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NASA fixes Hubble Space Telescope using backup power supply unit, payload computer
Hardware gremlins plagued orbiting observatory for over a month
NASA’s beloved Hubble Space Telescope is able to snap the heavens again after overcoming a hardware issue that had plagued it for more than a month.
Its onboard payload computer, which controls its instruments, mysteriously froze, forcing the main computer to put the orbiting observatory's sensors into an inactive safe mode. By utilizing redundant components, the US space agency was finally able to bring Hubble back online.
“NASA has successfully switched to backup hardware on the Hubble Space Telescope, including powering on the backup payload computer, on July 15,” it said in a statement today.
“The switch was performed to compensate for a problem with the original payload computer that occurred on June 13 when the computer halted, suspending science data collection.”
Engineers thought a memory module damaged from radiation had caused the computer to fail. Switching to backup memory modules, however, didn’t fix Hubble, leaving it useless.
Next, the team investigated other parts of the computer system, and tried using a backup payload computer. Unfortunately, Hubble was still unable to read and write from and to memory, preventing it from operating normally.
Some began to worry that the aging telescope might be beyond repair. Mission control carried out a formal review of all the processes affecting the switchover to the backup payload computer. NASA then figured a dodgy power control unit (PCU) may be to blame. This part is supposed to maintain the voltage supply to the payload computer, and if it doesn't do its job right, the computer won't work.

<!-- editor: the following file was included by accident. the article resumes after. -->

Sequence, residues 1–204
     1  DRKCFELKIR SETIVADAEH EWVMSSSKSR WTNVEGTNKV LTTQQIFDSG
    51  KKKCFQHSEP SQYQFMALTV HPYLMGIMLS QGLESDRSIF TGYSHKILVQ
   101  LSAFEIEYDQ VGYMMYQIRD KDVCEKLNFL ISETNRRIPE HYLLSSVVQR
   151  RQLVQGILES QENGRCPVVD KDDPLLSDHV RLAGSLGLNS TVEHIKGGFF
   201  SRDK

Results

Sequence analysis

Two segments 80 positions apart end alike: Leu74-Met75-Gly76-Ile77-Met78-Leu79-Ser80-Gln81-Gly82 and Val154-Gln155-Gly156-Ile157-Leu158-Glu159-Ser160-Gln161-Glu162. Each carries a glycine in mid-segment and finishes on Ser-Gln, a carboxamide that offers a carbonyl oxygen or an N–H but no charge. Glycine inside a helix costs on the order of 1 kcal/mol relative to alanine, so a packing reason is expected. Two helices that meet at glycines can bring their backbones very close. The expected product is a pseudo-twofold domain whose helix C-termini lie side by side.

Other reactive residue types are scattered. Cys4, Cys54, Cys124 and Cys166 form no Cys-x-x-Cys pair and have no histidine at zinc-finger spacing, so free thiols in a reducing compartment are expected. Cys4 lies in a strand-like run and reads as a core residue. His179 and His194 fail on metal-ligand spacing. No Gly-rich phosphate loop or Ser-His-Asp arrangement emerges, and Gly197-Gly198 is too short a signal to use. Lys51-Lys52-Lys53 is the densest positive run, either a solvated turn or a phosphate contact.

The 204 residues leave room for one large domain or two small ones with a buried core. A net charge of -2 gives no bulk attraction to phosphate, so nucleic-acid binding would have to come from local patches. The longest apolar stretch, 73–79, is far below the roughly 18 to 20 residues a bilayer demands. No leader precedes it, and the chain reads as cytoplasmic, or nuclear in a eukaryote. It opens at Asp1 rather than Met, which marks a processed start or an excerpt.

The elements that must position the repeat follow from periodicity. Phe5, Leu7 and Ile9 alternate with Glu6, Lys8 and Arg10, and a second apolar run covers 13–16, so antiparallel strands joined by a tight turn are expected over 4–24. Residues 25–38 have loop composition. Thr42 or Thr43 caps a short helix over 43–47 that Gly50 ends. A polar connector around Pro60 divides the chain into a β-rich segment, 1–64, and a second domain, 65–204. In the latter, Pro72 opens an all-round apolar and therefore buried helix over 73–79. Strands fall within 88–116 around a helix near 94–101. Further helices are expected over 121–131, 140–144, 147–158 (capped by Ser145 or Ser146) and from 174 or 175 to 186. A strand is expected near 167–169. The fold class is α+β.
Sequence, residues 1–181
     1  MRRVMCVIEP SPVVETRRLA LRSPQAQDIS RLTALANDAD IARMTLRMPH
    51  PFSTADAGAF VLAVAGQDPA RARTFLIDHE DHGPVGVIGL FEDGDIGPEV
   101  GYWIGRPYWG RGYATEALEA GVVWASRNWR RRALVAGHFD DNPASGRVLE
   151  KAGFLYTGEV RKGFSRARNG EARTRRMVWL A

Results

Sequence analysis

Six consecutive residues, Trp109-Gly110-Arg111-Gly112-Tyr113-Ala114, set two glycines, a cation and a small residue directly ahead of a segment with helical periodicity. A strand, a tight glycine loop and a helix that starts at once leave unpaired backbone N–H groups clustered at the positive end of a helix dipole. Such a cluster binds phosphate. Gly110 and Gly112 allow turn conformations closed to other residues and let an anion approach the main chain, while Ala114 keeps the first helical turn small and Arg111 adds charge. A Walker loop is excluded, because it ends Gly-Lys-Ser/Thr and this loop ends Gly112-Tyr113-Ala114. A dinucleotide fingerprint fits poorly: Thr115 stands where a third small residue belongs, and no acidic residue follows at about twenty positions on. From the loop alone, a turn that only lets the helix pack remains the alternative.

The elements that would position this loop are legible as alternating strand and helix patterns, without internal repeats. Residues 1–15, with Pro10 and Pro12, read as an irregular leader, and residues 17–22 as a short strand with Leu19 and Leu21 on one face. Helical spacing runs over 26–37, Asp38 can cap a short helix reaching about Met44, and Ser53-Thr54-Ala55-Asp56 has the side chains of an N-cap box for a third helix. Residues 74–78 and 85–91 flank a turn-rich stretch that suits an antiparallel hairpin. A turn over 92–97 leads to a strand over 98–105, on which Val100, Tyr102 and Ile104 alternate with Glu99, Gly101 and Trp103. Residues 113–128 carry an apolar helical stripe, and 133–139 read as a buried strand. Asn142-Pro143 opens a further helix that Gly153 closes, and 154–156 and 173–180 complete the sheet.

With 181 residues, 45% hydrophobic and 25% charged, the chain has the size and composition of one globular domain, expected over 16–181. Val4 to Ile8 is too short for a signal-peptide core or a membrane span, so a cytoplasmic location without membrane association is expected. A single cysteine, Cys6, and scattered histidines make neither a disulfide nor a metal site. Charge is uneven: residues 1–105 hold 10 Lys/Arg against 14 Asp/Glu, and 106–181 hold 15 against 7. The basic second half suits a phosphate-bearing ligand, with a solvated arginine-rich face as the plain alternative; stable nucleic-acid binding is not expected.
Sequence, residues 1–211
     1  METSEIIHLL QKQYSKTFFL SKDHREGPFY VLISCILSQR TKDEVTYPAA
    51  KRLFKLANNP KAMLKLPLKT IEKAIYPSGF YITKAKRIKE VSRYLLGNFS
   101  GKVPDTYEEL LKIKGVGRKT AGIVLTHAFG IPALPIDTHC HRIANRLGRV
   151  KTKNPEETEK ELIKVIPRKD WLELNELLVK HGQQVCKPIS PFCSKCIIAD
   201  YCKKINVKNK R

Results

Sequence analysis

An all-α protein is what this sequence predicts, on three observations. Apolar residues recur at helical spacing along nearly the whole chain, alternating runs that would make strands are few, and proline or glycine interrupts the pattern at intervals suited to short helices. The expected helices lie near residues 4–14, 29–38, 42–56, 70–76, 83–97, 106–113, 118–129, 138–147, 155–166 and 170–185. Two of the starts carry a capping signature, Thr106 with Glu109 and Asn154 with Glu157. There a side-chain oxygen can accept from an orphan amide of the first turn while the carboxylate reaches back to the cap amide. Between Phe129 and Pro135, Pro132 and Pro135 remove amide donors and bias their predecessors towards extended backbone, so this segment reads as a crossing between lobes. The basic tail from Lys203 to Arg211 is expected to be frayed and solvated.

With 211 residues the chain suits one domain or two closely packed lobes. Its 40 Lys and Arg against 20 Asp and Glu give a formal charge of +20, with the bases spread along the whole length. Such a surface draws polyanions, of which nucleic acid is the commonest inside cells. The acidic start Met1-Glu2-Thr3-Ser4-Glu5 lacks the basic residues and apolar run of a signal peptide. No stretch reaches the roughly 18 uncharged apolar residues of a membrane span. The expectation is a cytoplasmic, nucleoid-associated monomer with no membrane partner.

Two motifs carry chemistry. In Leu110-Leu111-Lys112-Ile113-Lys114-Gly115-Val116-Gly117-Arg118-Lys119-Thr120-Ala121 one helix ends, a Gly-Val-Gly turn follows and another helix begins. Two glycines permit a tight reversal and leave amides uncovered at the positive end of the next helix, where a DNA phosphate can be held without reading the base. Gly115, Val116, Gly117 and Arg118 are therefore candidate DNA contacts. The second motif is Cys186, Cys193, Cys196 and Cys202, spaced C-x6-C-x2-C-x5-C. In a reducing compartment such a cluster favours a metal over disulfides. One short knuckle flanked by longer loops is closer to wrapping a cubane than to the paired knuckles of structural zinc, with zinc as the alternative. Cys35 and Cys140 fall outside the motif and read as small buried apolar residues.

And so after switching to a backup PCU, the telescope's systems were able to fire up, allowing the telescope to continue its science work. “The switch included bringing online the backup Power Control Unit (PCU) and the backup Command Unit/Science Data Formatter (CU/SDF) on the other side of the Science Instrument and Command & Data Handling (SI C&DH) unit,” NASA explained.
Software was also uploaded to the machine to return it to operation. The Register has asked the space agency for more details of the failure.
- Iffy voltage: The plague of PC builders and Hubble space telescope controllers alike
- Hubble, Hubble, toil and trouble: NASA pores over moth-eaten manuals ahead of switch to backup hardware
- NASA readies commands to switch on Hubble's back-up hardware
- The James Webb Space Telescope, a project dating back to the late 1900s, may launch this very century
It’ll take a day or so for the ol’ scope to start taking data and capture images of beautiful cosmic objects again.
“The Hubble team is now monitoring the hardware to ensure that everything is working properly. The team has also started the process for recovering the science instruments out of their safe mode configuration," NASA concluded.
"This activity is expected to take more than a day as the team runs various procedures and ensures the instruments are at stable temperatures. The team will then conduct some initial calibration of the instruments before resuming normal science operations." ®